Just two years ago, the idea of watching TV on the cell phone was a mere novelty to most consumers. Now, nearly every broadcast and cable network has either devised a mobile TV strategy or already introduced programs " short clips and longer pieces " for consumers to watch on their wireless phones. That's because demand for such services is growing quickly. The Research firm -- Solutions Research Group -- has concluded in a recent report that today's younger viewers in the 18-to-39 age group will consume 80 percent of their TV on-demand via broadband, DVR, iPod or VOD within seven years.
At the start of 2006, about 2.5 million people in the United States subscribed to video service on their mobile phones (Telephia). By the end of the year that number had swollen to 6.2 million, a nearly three-fold increase, according to mobile research firm Telephia. At this year's NAB Show many of those content producers will be meeting with the technology firms who can help them get their video in the right format for various new viewing venues. Also, the show floor and many sessions will address issues such as production, post production and asset management " all factors that come into play as producers both comb their archives looking for content they can repurpose and shoot new material specifically for cell phones.
Technologies for Worship
In 2006, houses of worship spent $623 million on projection equipment and $7.7 billion on audio equipment, according to TCI Info Inc. Now, churches are looking towards broadcast as their next area of expansion, with massive growth projected over the next five years. With over 355,000 houses of worship in the United States alone (TCI Info), the church market is one of the largest and fastest growing technology markets in North America. Houses of worship who utilize today's technologies tend to be "more successful" in terms of maintaining and growing their membership, which in turn brings more money through donations and tithing into the church itself.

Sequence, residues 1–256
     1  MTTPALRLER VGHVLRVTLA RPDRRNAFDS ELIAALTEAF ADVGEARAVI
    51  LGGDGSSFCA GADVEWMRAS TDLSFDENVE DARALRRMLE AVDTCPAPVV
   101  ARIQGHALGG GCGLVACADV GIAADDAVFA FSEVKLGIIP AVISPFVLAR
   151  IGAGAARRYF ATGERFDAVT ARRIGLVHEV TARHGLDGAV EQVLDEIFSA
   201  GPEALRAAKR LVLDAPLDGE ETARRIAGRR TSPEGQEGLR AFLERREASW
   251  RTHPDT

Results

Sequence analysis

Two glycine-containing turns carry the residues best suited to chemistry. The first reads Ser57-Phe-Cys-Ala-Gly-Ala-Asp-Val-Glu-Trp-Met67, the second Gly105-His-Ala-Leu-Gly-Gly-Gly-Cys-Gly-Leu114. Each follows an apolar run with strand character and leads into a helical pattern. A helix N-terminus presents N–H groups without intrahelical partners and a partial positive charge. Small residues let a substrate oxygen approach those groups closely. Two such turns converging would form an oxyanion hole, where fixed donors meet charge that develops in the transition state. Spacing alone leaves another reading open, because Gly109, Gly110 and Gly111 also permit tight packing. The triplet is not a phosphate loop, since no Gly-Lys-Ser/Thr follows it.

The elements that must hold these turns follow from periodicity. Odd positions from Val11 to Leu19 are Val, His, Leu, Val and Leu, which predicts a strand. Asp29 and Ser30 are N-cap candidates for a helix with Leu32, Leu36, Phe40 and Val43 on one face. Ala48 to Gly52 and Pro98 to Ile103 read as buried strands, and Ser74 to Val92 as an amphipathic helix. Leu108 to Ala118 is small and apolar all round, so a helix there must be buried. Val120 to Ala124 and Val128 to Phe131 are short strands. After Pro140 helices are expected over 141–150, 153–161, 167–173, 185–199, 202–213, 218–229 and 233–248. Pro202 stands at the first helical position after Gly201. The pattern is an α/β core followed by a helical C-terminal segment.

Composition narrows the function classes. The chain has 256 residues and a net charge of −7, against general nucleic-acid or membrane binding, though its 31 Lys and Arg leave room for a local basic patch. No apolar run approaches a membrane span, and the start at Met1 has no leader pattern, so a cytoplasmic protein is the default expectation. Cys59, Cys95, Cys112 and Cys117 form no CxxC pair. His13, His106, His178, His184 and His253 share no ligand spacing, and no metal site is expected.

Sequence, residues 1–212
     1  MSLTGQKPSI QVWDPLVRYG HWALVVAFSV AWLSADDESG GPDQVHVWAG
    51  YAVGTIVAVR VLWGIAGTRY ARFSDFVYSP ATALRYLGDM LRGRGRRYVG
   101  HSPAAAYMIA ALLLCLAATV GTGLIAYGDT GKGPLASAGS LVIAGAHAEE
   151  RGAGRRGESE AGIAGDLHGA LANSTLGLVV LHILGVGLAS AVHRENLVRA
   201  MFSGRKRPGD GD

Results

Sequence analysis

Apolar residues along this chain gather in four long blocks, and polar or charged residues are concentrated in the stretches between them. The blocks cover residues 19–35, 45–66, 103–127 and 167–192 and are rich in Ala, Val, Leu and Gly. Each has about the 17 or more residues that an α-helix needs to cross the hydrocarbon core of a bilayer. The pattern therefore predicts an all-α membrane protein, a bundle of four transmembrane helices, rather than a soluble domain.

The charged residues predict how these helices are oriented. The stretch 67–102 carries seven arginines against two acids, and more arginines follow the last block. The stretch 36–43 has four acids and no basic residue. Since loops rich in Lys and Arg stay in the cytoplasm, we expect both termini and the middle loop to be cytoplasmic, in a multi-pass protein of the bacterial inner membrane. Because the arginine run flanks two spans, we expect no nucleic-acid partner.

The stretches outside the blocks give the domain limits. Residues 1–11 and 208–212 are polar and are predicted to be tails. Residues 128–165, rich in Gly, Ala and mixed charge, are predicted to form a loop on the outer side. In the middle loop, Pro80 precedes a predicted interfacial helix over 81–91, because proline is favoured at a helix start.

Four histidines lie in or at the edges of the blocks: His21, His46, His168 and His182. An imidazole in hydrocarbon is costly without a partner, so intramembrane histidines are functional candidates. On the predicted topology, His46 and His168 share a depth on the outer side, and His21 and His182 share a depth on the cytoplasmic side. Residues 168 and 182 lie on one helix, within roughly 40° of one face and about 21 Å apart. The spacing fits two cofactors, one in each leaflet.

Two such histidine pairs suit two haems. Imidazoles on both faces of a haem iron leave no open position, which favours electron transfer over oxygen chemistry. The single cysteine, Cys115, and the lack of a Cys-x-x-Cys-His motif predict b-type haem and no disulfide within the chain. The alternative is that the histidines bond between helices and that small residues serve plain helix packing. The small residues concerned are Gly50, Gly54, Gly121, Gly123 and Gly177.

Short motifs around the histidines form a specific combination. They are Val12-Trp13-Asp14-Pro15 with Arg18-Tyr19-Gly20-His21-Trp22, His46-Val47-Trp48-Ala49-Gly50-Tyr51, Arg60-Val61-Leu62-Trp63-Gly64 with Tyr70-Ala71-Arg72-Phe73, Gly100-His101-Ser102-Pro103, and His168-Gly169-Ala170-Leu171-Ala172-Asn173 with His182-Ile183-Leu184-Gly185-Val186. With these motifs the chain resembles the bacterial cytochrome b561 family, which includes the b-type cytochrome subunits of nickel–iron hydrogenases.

High Definition Radio
Today, over 1,000 free, local, over-the-air radio stations have upgraded their broadcast technology with digital HD Radio channels. HD Radio offers listeners crystal-clear audio on free, over-the-air local radio stations, providing listeners with new and expanded formats. According to iBiquity Digital Corporation, the developer of the HD Radio system, approximately one new HD Radio broadcaster goes on the air each day, reaching every major U.S. city and 60% of all listeners. By 2008, more than 90% of the U.S. population will be reached by HD Radio broadcasters, by their estimates.
Stations from Boston to Los Angeles to Alaska are bringing HD Radio technology to communities both large and small.
At this year's NAB Show content producers will be meeting with the technology firms who can help them get their video in the right format for various new viewing venues. The show floor and many sessions will also address issues such as production, post production and asset management " all factors that come into play as producers both comb their archives looking for content they can repurpose and shoot new material.